Reverb is usually used with a reed instrument, such as a saxophone. They create different sonic effects when playing because of their different textures.

Chamber reverb produces very distorted results. The reed instrument is hitting an isolated sound source, or a little box. If you listen to an upright saxophone, it’s using a saxophone reed or a saxophone sounding reed to create reverb.

Plate Reverb

Reverb has an “in” and an “out” in music, often called the “in” and the “out” of a plate reverb. The “out” (or “bounce”) is the place where the sound is coming from, while the “in” (or “plate”) is the place where the sound is coming from. The “bounce” takes away the “shimmer,” the smoothness of the sound and makes it sound distorted. The “plate” takes away the “hi-hat” of the sound and makes it sound distorted.

Spring Reverb

Literally, this means that sound is sent through springs to create a unique effect. Spring reverb has been hugely popular since the 1960s.

Hypoallergenic

For those with hyper allergy issues, there are hypoallergenic ways to still enjoy making music. They come in the form of powdered coatings that can be added to different instruments such as banjo strings, for those that are considered to be super-sensitive or even allergic to certain materials, allowing them to play their instruments.

Step by Step: How to Apply Reverb

1. Patch sidechain

Start by recording your separate audio from your mixing board into your Audio Basic Compression Studio. Then all you have to do is relay your sends into your reverb track.

2. Select your reverb type

Go ahead and pick out whatever reverb type you prefer. Just make sure the reverb suits the style of music you intend to use with it. 

3. Set your size

This will help you choose what type of “space” you want the listener to hear your reverb effect. The shorter the size you use, the shorter the reverb effect will be and vise versa.

4. Set your decay

Adding effects to your music allows you to create more complex, unique sounds. You can add reverb by either dragging and dropping or by dragging and dropping an effect.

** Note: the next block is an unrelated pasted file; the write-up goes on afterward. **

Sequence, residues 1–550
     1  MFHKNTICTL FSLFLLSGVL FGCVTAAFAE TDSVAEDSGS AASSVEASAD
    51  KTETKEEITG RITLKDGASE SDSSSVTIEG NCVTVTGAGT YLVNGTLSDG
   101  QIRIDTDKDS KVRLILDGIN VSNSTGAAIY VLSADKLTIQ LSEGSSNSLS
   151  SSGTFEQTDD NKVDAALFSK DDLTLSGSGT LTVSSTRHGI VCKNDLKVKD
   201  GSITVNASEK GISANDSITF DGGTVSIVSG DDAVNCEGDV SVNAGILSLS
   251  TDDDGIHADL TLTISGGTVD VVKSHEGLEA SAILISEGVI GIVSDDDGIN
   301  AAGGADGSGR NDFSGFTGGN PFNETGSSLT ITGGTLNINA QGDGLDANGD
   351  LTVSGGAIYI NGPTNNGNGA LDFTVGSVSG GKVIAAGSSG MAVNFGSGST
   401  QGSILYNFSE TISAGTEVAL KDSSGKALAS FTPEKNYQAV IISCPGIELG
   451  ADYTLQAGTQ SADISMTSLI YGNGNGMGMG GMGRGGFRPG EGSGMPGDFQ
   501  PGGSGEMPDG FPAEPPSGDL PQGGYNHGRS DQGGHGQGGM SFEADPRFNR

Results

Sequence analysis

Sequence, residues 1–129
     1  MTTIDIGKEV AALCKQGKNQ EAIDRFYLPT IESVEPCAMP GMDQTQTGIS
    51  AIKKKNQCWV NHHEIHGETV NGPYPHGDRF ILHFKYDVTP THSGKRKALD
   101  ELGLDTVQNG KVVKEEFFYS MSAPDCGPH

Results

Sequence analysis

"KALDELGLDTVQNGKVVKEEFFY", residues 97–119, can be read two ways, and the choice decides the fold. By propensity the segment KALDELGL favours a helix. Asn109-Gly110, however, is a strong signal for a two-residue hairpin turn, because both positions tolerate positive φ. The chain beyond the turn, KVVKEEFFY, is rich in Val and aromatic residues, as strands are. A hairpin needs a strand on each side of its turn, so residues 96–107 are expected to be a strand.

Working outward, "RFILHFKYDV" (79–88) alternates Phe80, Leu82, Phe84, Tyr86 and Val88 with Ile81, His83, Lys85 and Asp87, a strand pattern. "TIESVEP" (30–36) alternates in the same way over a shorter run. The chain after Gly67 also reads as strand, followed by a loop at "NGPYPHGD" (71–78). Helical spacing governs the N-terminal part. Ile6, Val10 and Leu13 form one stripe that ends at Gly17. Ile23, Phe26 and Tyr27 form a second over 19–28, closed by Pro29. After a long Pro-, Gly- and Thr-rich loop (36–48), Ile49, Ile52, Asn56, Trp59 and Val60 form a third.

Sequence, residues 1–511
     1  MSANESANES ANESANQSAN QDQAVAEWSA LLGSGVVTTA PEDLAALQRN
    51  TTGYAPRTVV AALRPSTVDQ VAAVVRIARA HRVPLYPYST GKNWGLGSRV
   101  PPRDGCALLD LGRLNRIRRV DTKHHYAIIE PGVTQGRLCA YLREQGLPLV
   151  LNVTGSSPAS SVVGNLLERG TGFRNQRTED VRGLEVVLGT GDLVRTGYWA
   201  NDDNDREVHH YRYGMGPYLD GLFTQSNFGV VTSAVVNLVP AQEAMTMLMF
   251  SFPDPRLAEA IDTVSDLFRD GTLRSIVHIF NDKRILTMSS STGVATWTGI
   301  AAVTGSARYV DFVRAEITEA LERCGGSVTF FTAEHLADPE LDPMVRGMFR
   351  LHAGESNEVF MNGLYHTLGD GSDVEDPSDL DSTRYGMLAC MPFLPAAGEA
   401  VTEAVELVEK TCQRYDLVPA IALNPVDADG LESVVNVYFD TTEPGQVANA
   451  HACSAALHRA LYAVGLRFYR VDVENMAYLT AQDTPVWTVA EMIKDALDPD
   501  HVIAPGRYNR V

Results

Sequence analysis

Remember to change the Format to “Reverb” and turn the effects volume control to full. Determining when your effect should go silent (Setting the Decay), is probably the most important part of reverb. 

5. Set your pre-delay

Pre-delay sets the void, or space between the reverb effect. It helps to keep your layered reverbs from conflicting with each other. Normally this is set for either low or mid-size delays.

6. Set your early reflections level

The reflection reverb setting will immediately remind you of echoes, and since echoes can be quite harsh if used incorrectly, you’ll need to use this effect with caution.

7. Set your diffusion level

Diffusion can be set to any level you see fit. It’s meant to add additional layering and texture to your music. Mostly it is used for downplaying or even removing more harsh sounds. 

8. Set your mix level

Mix levels are extremely important. Using it will tell you precisely how the reverb effects you’ve applied to your music will ultimately sound. You will need to monitor your mix level (both wet and dry) to make sure your final production reverb doesn’t result in overkill. 

Frequently Asked Questions  About Reverb

Is reverb the same as echo?

Is reverb the same as echo? Yes, they are essentially the same thing. However, reverb is also used in both DJ and production applications. In terms of applications, you can think of both as a type of sound creation tool.

Think of reverbs as very fast pitch-shifting. In terms of production, you might hear reverb plugins called reverbs, send/return envelopes, or envelopes.

You can also think of both echo and reverb as transitions. In DJing, we can think of these as forms of delay. In production, we can think of them as sonic layerings.

What is reverb in singing?

Does adding reverb make the vocals sound more important than the instruments? Not necessarily.

Reverb does not add anything new to the vocals in terms of importance. The vocals and the instruments are equally important, however the reverb sound will help give them that extra dimension that can be a fun, added layer to the mix.

Do vocals need reverb?

Vocal reverb (often referred to as chorus) usually adds the main dimension of acoustic reverb to a recording. This can be a good addition to a track because it helps to increase realism.

Many experts argue that more reverb is not always better. Usually if the tone and the sound quality are what you want, simply layering more reverb after it is captured will not help achieve this.

Conclusion

Thanks for reading all the way through our review article about reverb in music, we hope you enjoyed it. As you can tell, reverb can play a very important role in music making. 

It’s important to experiment with reverb. As long as you don’t go overboard with the effect, your music production will have gained a new layer of creativity. Happy Music Making!